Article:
Interview with Eli Anderson: Storytelling

Our Youth and Adult Learning Officer, Teresa Donoghue, spoke with Eli Anderson ahead of his ‘Storytelling – This is Me youth course starting March 12-April 16. The cost is £10 per place with FREE places for those who need them. Just click on ‘concessions’. Please book here

Q. How did you get into storytelling?
Eli: I have been working as a musician and performance poet, and writing many stories, but through a profound experience. I realised that Storytelling was something that permitted me to honour my communities, and help people who needed peace and comfort in their lives. e.g. Working in hospitals with children & their parents, Schools and colleges, mental health groups, fashion, etc.


Q. What’s the best thing about storytelling? ( remembering the audience of SLT members who are interested in acting)
Eli: It is the way you can start a great conversation. Listen to what is being said, and truly enjoy the reply. Storytelling is requires you to be authentic. In part, You have to listen  with your “whole-self”; and truly being interested in what the other person is trying to communicate to you. In essence, it is being human.


Q. How can people use storytelling in their everyday lives? 
Eli: Stories, where ever they originate, create a way of experiencing new ways of being. You may never travel to India, but a story (when you close your eyes, and listen) can transport you to a place, a time, a person. Stories help you to see how people around you think about the world. As human beings, Anais Nin said, “We don’t see things as they are, we see them as we are.” Stories help us to see beyond ourselves, and hug the world.


Q. Why do you think storytelling is particularly important right now? 
Eli: We are living in a time, when we are encouraged to live ONE story, ONE language, ONE way of being in the world. We are not truly a citizen of the world, until with experience the richness, exciting beliefs, beautiful people, amazing heritage and cultures, that co-exist on this single, small, blue planet. But right now, as humans, we are not listening to the earth, we are devouring and destroying what she has provided for us. The only way we can begin to have a desperate & meaningful conversation with her, is through storytelling. Each story tells us something about ourselves. Sometimes, not so good, other times it is quite beautiful. Stories weave us together, we can tell many stories, but we only have one life.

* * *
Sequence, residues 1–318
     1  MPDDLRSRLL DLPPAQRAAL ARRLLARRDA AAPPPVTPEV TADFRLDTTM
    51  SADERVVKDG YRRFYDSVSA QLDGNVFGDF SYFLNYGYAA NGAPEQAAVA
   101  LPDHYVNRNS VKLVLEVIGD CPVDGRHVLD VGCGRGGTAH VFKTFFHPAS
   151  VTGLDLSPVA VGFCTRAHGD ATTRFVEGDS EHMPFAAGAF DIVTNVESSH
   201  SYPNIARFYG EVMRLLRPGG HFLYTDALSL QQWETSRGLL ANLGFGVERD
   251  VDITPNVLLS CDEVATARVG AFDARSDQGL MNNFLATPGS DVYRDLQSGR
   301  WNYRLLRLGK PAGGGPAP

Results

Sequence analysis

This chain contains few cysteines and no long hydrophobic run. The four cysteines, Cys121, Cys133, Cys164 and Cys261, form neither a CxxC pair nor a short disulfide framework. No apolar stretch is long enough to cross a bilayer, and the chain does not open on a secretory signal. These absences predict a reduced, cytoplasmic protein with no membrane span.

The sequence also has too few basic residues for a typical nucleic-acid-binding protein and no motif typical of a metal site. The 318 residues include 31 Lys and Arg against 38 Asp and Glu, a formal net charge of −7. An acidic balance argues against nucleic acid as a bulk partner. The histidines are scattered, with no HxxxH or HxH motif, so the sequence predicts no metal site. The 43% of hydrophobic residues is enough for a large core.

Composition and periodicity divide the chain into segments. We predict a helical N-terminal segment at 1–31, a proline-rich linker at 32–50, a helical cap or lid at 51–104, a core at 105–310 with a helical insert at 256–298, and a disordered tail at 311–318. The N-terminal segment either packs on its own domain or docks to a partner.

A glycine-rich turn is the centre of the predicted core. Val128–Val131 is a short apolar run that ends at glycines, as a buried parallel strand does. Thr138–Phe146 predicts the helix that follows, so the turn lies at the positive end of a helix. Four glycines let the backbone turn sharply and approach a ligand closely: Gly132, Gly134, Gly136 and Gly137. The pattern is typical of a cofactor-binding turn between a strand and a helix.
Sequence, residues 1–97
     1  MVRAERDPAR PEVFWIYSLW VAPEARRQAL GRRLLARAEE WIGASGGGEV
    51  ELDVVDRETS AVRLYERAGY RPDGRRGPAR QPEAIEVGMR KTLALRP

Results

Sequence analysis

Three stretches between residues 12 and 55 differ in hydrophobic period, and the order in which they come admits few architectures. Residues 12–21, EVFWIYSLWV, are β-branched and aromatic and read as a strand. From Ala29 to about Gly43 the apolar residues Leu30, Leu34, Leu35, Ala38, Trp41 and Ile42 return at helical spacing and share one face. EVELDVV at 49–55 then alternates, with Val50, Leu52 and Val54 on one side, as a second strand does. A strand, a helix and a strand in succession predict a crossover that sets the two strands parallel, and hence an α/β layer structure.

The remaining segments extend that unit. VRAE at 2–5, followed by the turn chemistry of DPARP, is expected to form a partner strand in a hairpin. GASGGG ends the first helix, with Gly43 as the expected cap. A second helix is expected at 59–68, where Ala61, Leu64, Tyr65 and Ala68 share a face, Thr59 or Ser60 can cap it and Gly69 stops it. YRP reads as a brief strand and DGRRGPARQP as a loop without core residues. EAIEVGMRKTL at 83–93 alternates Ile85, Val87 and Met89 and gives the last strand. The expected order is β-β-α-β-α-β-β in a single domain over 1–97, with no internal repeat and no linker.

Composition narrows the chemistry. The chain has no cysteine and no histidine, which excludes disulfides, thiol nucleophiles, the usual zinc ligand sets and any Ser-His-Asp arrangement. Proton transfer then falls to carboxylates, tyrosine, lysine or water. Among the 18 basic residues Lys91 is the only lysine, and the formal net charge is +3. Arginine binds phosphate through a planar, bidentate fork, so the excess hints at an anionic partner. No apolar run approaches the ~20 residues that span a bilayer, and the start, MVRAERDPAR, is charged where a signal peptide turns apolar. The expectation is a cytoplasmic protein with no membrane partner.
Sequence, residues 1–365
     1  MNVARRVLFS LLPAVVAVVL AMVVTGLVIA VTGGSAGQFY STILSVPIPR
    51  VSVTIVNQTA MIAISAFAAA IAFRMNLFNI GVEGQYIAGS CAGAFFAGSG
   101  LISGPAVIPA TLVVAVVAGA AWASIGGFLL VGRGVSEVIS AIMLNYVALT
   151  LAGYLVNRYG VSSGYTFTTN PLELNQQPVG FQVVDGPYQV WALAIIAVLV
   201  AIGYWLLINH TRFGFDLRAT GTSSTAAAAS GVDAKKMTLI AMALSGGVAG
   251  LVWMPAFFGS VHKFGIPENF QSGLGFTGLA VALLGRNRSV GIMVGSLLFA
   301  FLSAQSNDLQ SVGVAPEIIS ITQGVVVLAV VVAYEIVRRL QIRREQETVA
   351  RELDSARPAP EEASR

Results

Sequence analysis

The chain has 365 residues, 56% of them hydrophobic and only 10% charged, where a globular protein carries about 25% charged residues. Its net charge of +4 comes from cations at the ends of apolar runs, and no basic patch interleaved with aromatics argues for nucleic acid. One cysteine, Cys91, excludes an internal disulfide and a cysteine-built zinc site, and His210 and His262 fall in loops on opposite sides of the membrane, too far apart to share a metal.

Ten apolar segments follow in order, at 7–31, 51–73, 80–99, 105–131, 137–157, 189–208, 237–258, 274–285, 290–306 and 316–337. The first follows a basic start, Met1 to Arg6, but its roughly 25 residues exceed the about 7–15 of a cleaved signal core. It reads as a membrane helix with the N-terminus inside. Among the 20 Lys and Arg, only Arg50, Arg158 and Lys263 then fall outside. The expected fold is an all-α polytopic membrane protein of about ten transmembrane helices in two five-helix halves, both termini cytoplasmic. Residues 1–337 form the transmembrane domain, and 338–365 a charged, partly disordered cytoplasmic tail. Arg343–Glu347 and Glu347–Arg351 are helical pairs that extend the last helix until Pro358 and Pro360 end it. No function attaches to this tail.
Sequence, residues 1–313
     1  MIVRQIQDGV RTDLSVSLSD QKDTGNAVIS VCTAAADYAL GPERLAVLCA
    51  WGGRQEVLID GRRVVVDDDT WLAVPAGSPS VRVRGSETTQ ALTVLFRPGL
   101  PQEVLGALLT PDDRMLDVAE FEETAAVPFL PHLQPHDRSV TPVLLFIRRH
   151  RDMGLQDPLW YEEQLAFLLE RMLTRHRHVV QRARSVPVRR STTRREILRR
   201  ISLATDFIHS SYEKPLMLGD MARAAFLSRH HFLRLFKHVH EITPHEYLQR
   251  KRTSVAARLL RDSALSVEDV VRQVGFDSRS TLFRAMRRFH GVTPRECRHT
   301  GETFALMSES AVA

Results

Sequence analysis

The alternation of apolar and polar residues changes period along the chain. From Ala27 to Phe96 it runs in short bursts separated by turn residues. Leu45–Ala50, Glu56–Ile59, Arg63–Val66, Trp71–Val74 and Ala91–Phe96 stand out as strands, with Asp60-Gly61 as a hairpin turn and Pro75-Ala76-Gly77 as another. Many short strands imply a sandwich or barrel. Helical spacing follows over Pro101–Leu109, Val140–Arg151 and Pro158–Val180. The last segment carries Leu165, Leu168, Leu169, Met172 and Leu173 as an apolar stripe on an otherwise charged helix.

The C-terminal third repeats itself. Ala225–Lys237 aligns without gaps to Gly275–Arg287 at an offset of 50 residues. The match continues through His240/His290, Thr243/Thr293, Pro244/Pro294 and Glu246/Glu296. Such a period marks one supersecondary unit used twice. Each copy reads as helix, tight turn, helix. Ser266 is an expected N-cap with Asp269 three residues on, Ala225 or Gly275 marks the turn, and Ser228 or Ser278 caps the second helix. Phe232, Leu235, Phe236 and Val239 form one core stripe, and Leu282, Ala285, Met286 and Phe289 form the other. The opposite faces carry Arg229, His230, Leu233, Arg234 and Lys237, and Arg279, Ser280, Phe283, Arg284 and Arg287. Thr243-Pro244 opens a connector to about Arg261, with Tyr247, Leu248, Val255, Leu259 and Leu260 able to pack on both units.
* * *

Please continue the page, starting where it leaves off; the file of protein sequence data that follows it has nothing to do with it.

Q. How have you been spending your time during lockdown?
Eli: Lockdowns were an opportunity to read, cook, watch back-to-back StarTrek, and garden. My fingers are green…not! Cactus run from me! However, I grew an avocado plant…I watched as it grew bigger and bigger…we became good friends!


Q. What’s your best advice for anyone who is interested in storytelling but feeling unsure? 
Eli: “Don’t let the fear of what could happen, Make nothing happen”. Doing something for the first time is scary. You tell yourselves stories of failure, problems, disasters…all of which haven’t happened! You create a future that hasn’t been written. Telling yourself stories of failure, creates futures where you fail. But no-one really knows the future, 24 hours is tough enough! Be kind to yourself; try to imagine a time where you are happy, smiling, laughing, eating that food which is ….sooo satisfying.  Speak to that person who you makes you feel excited and energised. The stories are in the butterflies.

Storytelling – This is Me

Dates: Friday March 12-April 16th

Time: 6-7.30pm

Course Length: 6 sessions

Tutor: Eli Anderson

Age Range: 15-18

About The Course: The course will Introduce storytelling techniques. Enable young people to tell their own stories about their lives and experiences. Create new stories and share them with the groupThe final session will invite a selected audience to witness and demonstrate how storytelling can empower young people. All sessions will have built-in an aftercare period, where the impact of the session can be discussed and resolved in a safe space.